Typical Milestones for Executive Functioning Skills
by Courtney Dodson
Areas of executive functioning such as working memory, flexible thinking, and inhibitor control (the ability to control impulses) begin developing in infancy and continue to develop through your 20's. Caregivers often ask us: "why isn't my toddler more organized?" or "shouldn't my ten-year-old be able to handle these tasks herself?". Executive functioning skills evolve and mature through the early lifespan, and it is helpful for our clients to know what is generally expected at certain age ranges so that families can offer their children appropriate tasks that match their child's abilities in addition to offering the appropriate supports when it is time for a child to stretch their skills (for example: going into a new school year or learning a new skill).
Here are a few important milestones for you to consider as you think about your child's strengths and areas of challenge. If you feel like your child is having challenges with the areas listed below, please consult with us today! Your therapist is a great place to start.
Milestones of Note:
- In infancy (before 1 year), children remember recently hidden objects such a toy under a blanket, strategize how to get toys out of reach, and refrain from touching something they have been warned about such as an electrical outlet.
- Between 3-5 years of age, children can keep 2-3 different rules in mind, adapt and apply certain rules for different contexts (i.e. leaving shoes on at school, but taking them off at home), and start to learn delayed gratification.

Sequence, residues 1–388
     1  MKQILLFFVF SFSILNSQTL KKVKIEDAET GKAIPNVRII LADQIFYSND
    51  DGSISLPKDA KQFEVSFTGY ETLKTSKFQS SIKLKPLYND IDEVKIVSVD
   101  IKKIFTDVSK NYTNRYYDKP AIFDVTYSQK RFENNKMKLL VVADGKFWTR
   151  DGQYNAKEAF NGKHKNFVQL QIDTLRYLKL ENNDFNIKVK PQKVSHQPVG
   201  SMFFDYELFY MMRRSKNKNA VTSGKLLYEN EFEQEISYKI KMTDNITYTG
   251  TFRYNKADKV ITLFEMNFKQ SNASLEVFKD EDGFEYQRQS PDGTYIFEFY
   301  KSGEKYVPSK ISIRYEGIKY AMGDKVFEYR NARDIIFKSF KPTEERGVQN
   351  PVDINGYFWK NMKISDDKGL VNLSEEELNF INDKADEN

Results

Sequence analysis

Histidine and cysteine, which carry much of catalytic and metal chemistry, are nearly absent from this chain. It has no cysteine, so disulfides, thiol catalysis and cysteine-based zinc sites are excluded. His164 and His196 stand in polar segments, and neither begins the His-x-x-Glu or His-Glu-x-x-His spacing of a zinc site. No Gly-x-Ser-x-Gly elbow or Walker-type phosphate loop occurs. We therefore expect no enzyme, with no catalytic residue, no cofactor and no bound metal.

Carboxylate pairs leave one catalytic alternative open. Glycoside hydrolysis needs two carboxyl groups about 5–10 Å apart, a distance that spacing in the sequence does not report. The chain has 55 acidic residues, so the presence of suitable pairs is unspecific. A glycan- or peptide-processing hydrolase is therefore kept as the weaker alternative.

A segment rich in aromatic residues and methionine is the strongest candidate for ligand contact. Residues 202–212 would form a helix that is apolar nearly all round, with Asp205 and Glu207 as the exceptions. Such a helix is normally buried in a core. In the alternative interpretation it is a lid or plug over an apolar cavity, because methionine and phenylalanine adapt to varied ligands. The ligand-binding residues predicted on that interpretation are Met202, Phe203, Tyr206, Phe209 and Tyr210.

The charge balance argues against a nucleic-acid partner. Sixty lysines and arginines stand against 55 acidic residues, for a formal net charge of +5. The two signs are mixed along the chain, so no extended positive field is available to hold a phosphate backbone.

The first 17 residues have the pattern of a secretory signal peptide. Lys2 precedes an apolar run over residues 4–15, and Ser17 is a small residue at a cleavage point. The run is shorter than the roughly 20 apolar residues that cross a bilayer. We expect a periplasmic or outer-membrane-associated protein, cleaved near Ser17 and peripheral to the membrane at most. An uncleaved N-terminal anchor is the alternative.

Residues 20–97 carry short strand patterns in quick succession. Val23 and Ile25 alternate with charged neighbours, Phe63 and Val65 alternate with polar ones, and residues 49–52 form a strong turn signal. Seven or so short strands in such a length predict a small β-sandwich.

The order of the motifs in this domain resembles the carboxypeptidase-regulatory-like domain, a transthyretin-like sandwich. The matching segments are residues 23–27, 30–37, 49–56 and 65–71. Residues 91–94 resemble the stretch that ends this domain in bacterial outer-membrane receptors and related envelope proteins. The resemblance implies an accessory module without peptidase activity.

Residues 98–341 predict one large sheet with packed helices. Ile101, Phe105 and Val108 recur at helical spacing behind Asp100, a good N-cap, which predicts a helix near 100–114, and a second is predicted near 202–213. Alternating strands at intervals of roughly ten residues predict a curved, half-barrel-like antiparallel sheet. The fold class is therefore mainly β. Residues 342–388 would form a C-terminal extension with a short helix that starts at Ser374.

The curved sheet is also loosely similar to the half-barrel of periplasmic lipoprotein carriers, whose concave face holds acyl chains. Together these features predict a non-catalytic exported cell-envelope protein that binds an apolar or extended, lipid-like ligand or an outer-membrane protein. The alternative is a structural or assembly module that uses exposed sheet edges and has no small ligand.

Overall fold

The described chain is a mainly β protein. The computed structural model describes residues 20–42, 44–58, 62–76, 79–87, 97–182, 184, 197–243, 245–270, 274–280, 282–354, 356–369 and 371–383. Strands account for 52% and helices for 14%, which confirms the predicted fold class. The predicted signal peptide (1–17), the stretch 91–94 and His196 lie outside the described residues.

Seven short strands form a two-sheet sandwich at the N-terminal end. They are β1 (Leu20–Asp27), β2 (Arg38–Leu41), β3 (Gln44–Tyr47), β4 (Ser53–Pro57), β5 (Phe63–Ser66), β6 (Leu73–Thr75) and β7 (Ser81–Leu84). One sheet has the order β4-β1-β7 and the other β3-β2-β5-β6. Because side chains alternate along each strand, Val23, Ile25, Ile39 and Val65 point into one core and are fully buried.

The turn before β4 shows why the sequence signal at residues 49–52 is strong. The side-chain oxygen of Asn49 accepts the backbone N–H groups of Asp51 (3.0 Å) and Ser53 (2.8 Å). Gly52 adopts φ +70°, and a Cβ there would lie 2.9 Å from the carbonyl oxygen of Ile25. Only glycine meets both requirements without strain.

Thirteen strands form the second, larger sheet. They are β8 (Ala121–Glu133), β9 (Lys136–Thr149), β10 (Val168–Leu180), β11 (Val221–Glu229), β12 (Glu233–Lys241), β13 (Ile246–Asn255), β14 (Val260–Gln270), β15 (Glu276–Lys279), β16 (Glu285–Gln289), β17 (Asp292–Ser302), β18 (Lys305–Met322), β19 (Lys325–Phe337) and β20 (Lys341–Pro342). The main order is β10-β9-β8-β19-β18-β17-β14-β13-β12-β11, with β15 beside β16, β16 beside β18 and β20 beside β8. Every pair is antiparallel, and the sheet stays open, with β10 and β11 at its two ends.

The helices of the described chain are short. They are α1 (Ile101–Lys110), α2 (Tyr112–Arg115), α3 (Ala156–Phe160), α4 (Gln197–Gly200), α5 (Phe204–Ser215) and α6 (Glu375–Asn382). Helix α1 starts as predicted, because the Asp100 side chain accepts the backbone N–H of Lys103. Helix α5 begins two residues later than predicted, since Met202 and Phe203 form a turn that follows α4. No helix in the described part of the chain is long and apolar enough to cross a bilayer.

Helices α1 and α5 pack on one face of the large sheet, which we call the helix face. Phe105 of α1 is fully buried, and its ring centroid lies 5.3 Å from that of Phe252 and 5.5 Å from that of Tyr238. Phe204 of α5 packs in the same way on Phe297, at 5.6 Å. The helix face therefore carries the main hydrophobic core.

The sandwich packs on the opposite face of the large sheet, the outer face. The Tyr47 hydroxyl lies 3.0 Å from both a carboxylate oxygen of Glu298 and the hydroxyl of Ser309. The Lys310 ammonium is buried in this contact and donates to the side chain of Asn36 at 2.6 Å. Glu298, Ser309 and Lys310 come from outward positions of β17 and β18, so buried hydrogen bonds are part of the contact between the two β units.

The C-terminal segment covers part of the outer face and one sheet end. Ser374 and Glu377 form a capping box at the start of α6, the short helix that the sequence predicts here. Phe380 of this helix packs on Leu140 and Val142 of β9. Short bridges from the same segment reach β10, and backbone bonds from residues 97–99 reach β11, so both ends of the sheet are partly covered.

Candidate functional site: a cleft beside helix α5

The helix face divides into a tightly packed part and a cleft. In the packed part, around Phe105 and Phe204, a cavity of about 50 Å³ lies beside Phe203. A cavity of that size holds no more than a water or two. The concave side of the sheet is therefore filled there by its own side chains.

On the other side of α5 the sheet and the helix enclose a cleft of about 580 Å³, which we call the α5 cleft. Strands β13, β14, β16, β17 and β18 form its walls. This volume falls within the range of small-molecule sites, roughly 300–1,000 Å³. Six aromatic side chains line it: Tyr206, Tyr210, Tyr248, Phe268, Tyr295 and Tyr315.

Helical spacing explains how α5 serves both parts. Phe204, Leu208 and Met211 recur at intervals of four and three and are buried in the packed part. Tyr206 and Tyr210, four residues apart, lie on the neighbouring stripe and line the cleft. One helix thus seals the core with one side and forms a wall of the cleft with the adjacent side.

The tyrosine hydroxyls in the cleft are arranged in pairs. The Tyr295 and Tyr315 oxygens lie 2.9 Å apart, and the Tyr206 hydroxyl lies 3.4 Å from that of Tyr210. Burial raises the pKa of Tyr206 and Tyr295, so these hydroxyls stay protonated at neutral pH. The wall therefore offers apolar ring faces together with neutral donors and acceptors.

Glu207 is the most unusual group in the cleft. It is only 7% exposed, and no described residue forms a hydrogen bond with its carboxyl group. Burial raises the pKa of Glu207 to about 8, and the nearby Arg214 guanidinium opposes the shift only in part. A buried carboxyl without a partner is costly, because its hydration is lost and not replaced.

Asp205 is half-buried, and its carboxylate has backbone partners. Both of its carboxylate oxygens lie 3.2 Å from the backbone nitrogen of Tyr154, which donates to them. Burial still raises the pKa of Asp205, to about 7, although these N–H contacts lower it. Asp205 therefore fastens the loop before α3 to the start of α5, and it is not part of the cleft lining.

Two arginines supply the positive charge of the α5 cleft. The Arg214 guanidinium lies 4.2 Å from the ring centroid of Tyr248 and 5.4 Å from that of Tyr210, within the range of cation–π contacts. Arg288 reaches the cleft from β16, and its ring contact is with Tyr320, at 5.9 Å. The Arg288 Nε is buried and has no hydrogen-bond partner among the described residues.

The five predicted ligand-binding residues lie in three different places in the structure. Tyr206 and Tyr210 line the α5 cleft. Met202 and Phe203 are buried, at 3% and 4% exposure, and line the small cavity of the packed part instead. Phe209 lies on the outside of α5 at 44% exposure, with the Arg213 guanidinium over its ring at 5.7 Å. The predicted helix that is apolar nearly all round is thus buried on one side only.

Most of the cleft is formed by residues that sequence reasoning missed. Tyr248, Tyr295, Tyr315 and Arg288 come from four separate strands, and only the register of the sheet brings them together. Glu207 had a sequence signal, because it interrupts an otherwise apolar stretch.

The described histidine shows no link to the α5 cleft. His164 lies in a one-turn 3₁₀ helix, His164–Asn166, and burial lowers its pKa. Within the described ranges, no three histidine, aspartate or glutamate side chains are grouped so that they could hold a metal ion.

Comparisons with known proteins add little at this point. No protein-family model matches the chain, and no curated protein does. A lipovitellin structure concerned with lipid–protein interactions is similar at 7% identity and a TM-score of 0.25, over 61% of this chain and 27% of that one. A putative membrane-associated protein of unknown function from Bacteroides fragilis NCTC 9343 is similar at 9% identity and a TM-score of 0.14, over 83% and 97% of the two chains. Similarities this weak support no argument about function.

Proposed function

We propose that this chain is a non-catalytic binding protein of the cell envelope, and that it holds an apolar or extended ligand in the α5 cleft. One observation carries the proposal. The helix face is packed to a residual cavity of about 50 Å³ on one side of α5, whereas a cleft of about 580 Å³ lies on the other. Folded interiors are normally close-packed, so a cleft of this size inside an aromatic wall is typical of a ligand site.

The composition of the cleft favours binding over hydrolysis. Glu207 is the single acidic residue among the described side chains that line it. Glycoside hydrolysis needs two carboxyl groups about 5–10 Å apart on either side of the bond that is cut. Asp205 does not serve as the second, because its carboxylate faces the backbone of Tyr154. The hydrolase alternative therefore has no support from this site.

- Between 6-11 years old, children remember to search for a lost object in a different room, develop flexible thinking so they can set goals and change strategies as needed (i.e. yelling on the playground, but not in the class), and tune-out distracting visual stimulation in order to maintain focus.
- Between 12-18 years old, adolescents remember the main points of a teacher's lecture, learn note-taking, learn times when it is appropriate to use slang or be more formal, and manage to focus their attention on more complex tasks in the classroom.
If you have questions about your child's ability to follow directions, manage their time, organize their work and play space, or control impulses when stressed or frustrated, we are here to help. Skills on the Hill has the experience, the tools, and the programs to support children reaching their maximum level of independence and potential as they engage in the activities they need and want to do! Click here to learn more about our executive function supports.